Tag Archives: Star Wars

Life update #16: Star Wars/Christmas/New Year

Hello! I’ve been absent from here for a while, haven’t I? Apologies for that. I’ve got a book post from September that should have gone up months ago, but it still hasn’t. However, I will get it up over the next few days, along with a combined Oct/Nov/Dec books post, and one highlighting a recent bookish obsession of mine. However, all to come in the NEW YEAR, for it is indeed the last day of 2015. No look back at this year of blogging, as I haven’t really done that much on here this year. Work has just been manic, and sleep/general lethargy caused by being emotionally brick-like and feeling shit has called me more and more often when I would usually be blogging.


However, this holiday I’ve actually managed to spend the nights reading, so I’ve got a good number of books to add to my ever-growing list of things to review. But it’s been good.


Now, I was going to do a post a few weeks back excitedly counting down to the new Star Wars film, but I never did. However, I managed to go and see the new film on the last day of term before Christmas, and loved every moment of it. I picked out a Sarlacc Pit of references to bits in the other films (Easter Eggs, I think they’re called*), and also a wonderful homage to the opening sequence of Raiders of the Lost Ark when Harrison Ford is being chased by a rolling alien creature down a ship’s corridor. I almost cried when Leia returned, and sat agog when [SPOILER]. I still haven’t quite got over it now. A nice point though was when Rey defeats Kylo Ren**, as the entire cinema of Y7-11 students erupted in whoops, cheers and applause. I didn’t expect that reaction. I like to think that it’s due to the school’s entire student body being staunch flag wavers for feminism and ‘girl power’, but something makes me think not***. A wonderful, wonderful film though. I didn’t dislike the prequel trilogy (they were my ‘era’ growing up), but love the way these build on the classic films in their aesthetics. Truly wonderful.

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Image: starwars.com

 


I suppose I should also say a belated “Merry Christmas!” or rather that I hope anyone reading this had a good Christmas. I found on Christmas Day that a work colleague had died suddenly that previous week, so the joy was quickly soured. What a note to leave 2015 on.


*Appropriate in a film released at Christmas. I’ve already started moaning about the Easter chocolates that are out in the shops now, but at least I haven’t seen anything to rival the brazenness of the Tesco Metro in Summertown, Oxford, back in 2011. Crème Eggs on Boxing Day. I kid ye not.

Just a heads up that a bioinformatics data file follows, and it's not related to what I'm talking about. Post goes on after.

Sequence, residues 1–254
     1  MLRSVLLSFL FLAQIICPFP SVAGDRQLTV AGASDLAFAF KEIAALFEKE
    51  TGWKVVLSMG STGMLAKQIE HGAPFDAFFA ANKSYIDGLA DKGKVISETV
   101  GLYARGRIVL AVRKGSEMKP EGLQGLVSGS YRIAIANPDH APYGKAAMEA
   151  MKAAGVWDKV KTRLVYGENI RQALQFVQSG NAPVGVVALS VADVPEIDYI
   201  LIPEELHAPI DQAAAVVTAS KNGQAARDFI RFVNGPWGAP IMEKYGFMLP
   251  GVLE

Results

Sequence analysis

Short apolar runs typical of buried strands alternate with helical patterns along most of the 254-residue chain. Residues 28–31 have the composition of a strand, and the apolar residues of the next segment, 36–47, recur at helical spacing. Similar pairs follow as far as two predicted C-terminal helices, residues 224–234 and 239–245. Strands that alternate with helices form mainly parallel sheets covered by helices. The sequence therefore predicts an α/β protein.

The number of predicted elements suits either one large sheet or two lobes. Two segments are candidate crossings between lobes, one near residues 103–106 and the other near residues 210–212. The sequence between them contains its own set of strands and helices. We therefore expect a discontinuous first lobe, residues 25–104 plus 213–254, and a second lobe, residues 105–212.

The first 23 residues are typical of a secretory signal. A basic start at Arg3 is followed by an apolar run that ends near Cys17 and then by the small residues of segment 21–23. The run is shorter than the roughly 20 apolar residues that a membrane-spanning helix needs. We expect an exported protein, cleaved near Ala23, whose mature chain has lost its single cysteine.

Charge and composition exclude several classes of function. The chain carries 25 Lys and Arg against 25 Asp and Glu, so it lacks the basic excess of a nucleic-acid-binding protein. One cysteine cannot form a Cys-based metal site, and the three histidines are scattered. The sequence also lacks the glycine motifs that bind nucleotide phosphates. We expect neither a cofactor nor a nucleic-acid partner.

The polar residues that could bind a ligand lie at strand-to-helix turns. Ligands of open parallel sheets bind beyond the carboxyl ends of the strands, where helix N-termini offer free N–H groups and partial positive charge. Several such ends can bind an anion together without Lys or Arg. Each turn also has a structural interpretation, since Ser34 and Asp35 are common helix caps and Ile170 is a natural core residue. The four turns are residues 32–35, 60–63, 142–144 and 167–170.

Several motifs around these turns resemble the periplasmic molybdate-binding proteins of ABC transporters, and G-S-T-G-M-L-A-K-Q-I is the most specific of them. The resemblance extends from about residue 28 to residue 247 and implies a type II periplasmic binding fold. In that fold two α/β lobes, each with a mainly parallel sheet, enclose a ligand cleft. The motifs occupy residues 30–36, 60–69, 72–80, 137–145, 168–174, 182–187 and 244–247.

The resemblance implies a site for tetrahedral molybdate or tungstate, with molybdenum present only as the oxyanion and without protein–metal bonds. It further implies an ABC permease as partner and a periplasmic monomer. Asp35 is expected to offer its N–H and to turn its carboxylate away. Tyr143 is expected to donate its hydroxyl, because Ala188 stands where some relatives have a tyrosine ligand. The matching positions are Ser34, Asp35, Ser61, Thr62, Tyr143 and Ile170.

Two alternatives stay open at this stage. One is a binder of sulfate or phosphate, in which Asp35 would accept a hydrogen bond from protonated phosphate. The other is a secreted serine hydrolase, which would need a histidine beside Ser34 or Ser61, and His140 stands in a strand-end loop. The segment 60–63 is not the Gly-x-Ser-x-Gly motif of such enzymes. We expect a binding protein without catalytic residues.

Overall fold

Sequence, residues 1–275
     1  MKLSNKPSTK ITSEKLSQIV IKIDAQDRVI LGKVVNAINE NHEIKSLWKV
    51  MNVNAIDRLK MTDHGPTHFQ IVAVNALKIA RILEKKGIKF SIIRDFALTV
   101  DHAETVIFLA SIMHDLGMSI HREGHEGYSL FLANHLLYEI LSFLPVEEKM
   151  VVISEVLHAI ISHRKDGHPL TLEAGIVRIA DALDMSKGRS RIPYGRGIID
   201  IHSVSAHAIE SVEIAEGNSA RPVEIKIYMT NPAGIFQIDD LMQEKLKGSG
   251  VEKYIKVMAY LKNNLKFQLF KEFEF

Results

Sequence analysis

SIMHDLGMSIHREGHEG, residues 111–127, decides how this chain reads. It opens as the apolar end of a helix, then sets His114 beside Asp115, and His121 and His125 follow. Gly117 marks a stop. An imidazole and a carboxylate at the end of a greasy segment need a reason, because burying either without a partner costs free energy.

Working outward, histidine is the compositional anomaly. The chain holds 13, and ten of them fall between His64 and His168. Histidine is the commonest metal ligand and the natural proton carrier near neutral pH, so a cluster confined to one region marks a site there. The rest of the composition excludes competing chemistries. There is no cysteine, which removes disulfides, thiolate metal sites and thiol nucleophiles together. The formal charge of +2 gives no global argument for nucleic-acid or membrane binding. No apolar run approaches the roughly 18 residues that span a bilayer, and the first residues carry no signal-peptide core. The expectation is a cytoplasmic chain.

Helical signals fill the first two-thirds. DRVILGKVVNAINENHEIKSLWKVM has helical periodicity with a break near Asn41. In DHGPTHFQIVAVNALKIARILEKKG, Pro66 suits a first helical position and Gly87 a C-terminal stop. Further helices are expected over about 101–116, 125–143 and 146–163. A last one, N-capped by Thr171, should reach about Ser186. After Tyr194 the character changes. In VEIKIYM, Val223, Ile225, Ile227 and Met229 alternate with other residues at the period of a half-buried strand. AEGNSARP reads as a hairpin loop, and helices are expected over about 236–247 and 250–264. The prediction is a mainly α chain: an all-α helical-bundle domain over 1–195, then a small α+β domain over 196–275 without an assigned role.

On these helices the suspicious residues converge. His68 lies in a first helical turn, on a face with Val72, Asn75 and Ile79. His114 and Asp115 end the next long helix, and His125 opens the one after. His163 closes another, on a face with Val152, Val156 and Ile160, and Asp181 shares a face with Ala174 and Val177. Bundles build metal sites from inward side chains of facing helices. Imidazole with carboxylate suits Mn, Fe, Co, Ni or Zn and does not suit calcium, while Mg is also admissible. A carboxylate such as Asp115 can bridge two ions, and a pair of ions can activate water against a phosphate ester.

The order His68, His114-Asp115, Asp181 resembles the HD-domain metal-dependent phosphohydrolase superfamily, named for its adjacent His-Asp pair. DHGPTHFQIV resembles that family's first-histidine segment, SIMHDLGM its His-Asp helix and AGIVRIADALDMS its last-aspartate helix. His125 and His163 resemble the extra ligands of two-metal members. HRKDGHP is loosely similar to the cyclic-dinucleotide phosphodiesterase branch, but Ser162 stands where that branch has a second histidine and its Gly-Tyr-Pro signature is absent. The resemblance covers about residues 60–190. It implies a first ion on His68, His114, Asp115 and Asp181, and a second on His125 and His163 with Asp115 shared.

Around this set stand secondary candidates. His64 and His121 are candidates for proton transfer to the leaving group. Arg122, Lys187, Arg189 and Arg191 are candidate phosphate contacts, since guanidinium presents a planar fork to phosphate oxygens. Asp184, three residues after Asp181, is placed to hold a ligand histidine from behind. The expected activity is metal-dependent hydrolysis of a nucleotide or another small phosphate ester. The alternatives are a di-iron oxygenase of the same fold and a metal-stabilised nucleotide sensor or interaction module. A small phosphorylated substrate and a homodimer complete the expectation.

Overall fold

**Autocorrect changed that bit to Roy and Kyle Ren. I think the whole film would be more amusing and yet somewhat less impressive if that were to be the case.

***Perhaps the fact that there was more wolf-whistling during scenes of Roy ascending a flight of stirs, filmed from below, than I imagine there would be if a builders convention had attended the recent Miss Universe 2015 awards ceremony and sat in the front row. I exaggerate, but not much.

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New books: August

Now, I can’t put prices on these as I can’t recall how much I paid for some of them. However, brace yourselves. There’s a few.

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  • Victor Hugo –  Notre-Dame de Paris     50p
  • F. Scott Fitzgerald –  The Collected Short Stories     50p
  • Evan S. Connell –  Mrs Bridge     99p
  • Patrick Hamilton –  Hangover Square     99p
  • E. M. Forster –  The Obelisk     £1.49
  • Evelyn Waugh –  Vile Bodies     99p
  • Robert James Waller – The Bridges of Madison County     20p
  • Mary Shelley – Frankenstein The 1818 Text     20p
  • Roald Dahl –  The Enormous Crocodile     50p
  • Seth MacFarlane –  A Million Ways to Die in the West
  • Donald Barthelme –  Sixty Stories
  • Christopher Marlowe –  The Plays

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  • Apollodorus –  The Library of Greek Mythology
  • Herodotus –  The Histories

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  • John Kinsella –  Shades of the Sublime & Beautiful
  • William Congreve –  Incognita
  • Three Revenge Tragedies
  • Anne Fadiman –  Ex Libris: Confessions of a Common Reader
  • Brian Friel –  Translations     –     Making History
  • Edwin Morgan –  The Play of Gilgamesh
  • Beaumarchais –  The Marriage of Figaro

These seven were all from the book sale at Webberley’s, the bookshop I mentioned in the July books post.

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  • Jeffrey Brown –  Star Wars: Jedi Academy

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  • Jane Austen –  Mansfield Park
  • Jules Verne –  Around the World in Eighty Days
  • Edward Bellamy – Looking Backward

Now, the reason that I never got this post up in August or September was because in late August I ordered a number of William S. Burroughs books off eBay and Amazon, and Royal Mail being what it is, these took a while to arrive. However, there should have been another book arriving that never did, and it was waiting for this one that held me up. We contacted the seller after several weeks, and they sent another out. However, as I type this, I’m still waiting for either copy to turn up. Luckily, we were able to get our money back, but I was a little bit pissed about it.